Genetic cross-interaction between apoe and prnp in sporadic alzheimer's and creutzfeldt-jakob diseases

Olga Calero, María J. Bullido, Jordi Clarimón, Ana Frank-García, Pablo Martínez-Martín, Alberto Lleó, María Jesús Rey, Alberto Rábano, Rafael Blesa, Teresa Gómez-Isla, Fernando Valdivieso, Jesús de Pedro-Cuesta, Isidro Ferrer, Miguel Calero

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30 Citations (Scopus)


Alzheimer's disease (AD) and Creutzfeldt-Jakob disease (CJD) represent two distinct clinical entities belonging to a wider group, generically named as conformational disorders that share common pathophysiologic mechanisms. It is well-established that the APOE ε4 allele and homozygosity at polymorphic codon 129 in the PRNP gene are the major genetic risk factors for AD and human prion diseases, respectively. However, the roles of PRNP in AD, and APOE in CJD are controversial. In this work, we investigated for the first time, APOE and PRNP genotypes simultaneously in 474 AD and 175 sporadic CJD (sCJD) patients compared to a common control population of 335 subjects. Differences in genotype distribution between patients and control subjects were studied by logistic regression analysis using age and gender as covariates. The effect size of risk association and synergy factors were calculated using the logistic odds ratio estimates. Our data confirmed that the presence of APOE ε4 allele is associated with a higher risk of developing AD, while homozygosity at PRNP gene constitutes a risk for sCJD. Opposite, we found no association for PRNP with AD, nor for APOE with sCJD. Interestingly, when AD and sCJD patients were stratified according to their respective main risk genes (APOE for AD, and PRNP for sCJD), we found statistically significant associations for the other gene in those strata at higher previous risk. Synergy factor analysis showed a synergistic age-dependent interaction between APOE and PRNP in both AD (SF = 3.59, p = 0.027), and sCJD (SF = 7.26, p = 0.005). We propose that this statistical epistasis can partially explain divergent data from different association studies. Moreover, these results suggest that the genetic interaction between APOE and PRNP may have a biological correlate that is indicative of shared neurodegenerative pathways involved in AD and sCJD. © 2011 Calero et al.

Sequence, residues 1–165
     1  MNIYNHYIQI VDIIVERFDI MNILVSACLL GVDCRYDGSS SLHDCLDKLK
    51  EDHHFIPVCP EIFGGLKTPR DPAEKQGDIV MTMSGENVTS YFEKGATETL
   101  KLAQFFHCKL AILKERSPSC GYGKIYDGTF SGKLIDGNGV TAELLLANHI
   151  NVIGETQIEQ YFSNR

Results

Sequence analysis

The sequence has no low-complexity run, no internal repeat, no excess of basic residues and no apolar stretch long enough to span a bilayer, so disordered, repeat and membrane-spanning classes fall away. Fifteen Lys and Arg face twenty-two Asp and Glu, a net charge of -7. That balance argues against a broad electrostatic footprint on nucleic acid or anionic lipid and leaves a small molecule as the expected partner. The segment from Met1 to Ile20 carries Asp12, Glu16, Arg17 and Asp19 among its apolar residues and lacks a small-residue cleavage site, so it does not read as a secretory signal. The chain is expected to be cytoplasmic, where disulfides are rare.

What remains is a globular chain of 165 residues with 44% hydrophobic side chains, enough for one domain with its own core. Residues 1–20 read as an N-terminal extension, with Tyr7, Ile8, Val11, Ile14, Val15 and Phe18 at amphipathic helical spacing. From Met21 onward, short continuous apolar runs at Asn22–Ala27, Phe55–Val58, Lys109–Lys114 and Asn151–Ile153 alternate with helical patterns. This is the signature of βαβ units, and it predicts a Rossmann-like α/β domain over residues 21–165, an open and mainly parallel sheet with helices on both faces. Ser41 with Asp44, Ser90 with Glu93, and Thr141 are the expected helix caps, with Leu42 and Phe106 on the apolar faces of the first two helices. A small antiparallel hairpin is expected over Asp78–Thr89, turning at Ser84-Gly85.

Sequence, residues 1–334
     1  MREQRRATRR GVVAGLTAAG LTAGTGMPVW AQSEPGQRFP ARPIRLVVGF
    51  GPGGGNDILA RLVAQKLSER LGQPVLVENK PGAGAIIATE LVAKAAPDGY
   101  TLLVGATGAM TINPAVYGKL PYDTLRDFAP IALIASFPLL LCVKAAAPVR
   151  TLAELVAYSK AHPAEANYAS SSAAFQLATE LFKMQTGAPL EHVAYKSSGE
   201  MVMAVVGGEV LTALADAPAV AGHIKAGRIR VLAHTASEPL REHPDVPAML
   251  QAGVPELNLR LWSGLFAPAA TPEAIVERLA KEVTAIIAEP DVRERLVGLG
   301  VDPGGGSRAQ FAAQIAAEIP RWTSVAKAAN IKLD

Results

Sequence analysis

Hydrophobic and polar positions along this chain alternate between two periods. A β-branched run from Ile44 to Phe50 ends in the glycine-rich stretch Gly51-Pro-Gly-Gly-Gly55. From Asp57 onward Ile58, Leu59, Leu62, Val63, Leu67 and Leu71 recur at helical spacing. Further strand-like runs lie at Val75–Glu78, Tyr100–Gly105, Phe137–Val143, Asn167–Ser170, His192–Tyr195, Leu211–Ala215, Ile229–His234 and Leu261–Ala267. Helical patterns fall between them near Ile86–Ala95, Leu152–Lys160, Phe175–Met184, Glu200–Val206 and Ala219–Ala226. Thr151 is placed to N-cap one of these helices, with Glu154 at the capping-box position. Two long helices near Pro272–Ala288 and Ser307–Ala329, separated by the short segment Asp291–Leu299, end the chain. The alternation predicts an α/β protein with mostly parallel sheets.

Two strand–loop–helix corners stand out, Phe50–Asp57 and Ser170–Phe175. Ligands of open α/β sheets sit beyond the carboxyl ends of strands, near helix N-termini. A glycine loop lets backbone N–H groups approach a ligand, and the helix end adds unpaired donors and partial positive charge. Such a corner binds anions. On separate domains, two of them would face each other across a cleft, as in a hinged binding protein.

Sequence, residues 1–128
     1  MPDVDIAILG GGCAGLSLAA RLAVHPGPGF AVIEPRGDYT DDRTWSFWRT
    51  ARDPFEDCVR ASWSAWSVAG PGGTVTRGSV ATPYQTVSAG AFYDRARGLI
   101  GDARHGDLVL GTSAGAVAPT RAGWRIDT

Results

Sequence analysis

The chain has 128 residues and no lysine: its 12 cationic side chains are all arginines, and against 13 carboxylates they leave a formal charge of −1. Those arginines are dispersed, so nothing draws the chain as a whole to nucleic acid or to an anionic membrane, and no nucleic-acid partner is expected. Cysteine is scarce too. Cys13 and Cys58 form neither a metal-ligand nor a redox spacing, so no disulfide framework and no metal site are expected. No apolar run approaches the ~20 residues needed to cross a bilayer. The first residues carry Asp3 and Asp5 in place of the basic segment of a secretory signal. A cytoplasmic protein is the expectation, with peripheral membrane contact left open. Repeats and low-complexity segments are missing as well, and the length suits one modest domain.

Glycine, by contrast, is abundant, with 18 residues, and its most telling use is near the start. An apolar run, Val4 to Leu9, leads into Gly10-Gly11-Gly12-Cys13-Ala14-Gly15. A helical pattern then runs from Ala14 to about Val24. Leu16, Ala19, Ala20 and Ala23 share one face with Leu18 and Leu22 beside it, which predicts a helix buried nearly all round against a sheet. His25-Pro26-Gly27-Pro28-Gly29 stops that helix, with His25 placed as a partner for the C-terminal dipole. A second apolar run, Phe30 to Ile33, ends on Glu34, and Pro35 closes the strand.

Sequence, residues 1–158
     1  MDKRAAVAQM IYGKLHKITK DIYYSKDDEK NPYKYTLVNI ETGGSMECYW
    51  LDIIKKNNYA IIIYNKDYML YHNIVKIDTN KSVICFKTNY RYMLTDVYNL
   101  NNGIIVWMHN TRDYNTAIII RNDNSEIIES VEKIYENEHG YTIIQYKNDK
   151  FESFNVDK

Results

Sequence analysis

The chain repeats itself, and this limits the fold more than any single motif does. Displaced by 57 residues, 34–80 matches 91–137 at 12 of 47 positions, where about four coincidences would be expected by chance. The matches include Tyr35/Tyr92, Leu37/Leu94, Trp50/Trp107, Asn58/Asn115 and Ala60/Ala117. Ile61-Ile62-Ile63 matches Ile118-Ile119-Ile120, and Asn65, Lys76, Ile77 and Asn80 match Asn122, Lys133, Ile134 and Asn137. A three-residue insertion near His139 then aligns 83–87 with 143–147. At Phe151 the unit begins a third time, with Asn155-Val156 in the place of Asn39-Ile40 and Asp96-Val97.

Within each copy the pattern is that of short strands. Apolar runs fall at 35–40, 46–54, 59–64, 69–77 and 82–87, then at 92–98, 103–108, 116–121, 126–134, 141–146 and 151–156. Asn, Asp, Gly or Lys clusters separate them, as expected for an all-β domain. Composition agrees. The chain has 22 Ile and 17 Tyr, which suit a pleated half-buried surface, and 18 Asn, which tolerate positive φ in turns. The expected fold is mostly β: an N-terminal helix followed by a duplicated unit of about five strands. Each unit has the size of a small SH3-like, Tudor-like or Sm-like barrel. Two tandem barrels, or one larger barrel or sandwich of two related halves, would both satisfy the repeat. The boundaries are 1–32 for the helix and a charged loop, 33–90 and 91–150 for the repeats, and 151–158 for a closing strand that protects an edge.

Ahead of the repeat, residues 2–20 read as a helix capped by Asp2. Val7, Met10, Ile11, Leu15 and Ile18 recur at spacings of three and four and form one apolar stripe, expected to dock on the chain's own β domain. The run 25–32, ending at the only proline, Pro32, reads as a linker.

Original languageEnglish
Article numbere22090
JournalPLoS ONE
Issue number7
Publication statusPublished - 27 Jul 2011


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